Earthquakes – Reverse Geocoding Coming Soon

One of the most vexing sets of data to make usable for a data analyst is the earthquake dataset available via the NCEDC search site.  While the site returns results quickly enough to an anonymous FTP site, they do not contain any columns representing the country, state, county, or city.  These columns are some of the most useful for analysis of questions such as: “Oklahoma now rivals and even exceeds California for the number of significant earthquakes?”

Believe it or not, the answer to the preceding question is “True,” especially when one can analyze reverse-geocode earthquakes using relatively simple SQL queries.

The difficulty was in the reverse-geocoding of the latitudes and longitudes to their respective countries, states, counties, and cities.  Originally, I had authored a Java program that used various ESRI shape files and discerned to which administrative units a lat/long belonged.  That is, if you wanted to wait 12 hours for it to run.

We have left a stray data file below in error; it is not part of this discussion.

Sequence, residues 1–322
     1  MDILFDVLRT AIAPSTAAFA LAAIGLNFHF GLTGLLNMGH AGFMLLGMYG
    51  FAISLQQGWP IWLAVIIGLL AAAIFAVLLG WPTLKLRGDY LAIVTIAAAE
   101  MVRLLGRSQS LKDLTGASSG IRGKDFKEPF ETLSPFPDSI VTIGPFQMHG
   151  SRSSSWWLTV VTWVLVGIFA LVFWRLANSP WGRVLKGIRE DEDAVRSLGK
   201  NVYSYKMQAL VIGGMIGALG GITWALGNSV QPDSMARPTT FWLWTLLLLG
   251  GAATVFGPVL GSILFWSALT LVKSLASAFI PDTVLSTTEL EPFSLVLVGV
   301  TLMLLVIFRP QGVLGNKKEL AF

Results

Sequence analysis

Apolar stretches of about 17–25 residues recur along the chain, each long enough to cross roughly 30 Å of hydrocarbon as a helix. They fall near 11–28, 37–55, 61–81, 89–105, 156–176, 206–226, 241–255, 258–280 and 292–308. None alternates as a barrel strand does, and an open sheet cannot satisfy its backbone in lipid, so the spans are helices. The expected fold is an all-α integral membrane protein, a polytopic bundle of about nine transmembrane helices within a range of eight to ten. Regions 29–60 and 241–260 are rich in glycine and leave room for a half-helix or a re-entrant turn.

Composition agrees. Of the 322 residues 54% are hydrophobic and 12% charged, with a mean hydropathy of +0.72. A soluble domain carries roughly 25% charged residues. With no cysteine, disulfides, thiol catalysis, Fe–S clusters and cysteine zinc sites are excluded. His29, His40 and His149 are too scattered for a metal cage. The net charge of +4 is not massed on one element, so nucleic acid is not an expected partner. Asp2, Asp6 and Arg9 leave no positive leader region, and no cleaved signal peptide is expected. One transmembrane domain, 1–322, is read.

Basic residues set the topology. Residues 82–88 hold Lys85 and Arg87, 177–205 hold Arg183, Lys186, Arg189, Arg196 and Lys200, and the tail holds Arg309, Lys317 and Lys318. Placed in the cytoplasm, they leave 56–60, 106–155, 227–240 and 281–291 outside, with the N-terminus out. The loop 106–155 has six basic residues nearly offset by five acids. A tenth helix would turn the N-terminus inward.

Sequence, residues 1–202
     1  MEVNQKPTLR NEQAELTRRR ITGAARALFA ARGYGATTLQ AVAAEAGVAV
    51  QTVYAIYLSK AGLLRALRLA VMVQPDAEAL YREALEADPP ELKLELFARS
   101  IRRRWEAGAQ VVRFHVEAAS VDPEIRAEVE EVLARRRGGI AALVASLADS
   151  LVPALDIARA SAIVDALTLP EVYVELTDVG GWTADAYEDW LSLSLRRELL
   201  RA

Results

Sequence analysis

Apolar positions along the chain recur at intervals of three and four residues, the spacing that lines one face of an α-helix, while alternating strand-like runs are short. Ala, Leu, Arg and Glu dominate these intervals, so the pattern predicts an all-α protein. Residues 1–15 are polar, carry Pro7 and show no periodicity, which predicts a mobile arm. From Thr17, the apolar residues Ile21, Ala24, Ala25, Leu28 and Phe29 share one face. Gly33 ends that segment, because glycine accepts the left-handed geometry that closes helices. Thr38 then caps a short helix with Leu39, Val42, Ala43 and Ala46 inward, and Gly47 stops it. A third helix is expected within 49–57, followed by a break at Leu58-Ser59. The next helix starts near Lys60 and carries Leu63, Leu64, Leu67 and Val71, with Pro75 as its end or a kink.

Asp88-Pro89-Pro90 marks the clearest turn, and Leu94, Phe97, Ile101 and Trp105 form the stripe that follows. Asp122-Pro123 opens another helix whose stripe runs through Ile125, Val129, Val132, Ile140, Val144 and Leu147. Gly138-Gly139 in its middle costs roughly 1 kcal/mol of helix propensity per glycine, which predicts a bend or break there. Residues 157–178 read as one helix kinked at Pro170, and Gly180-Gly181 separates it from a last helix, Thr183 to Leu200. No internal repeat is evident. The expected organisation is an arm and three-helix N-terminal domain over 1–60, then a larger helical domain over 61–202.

Given the long run time and inconvenience of obtaining the shape files, I declined to publish it except as source code with little, if any, explanation as to its operation and use.  I just didn’t think it was suitable for public consumption yet, as the reverse-geocoding was only tediously repeatable.  I knew there was a better way, and as of a few weeks ago, after some research, I authored a better mousetrap:

  • a Python 3.4 script
  • using the reverse-geocoder package
  • which uses K-D trees
  • and datasets from GeoNames
  • reverse-geocoding 2.8 million rows in approximately 210 seconds

So, in the next few weeks, the Python script will be pushed to GitHub and the reverse-geocoded earthquake dataset to  A posting or postings will be pushed when this is done.

How cool, from 12 hours to 210 seconds.

Finally, some progress…

Khepry Quixote
12 April 2016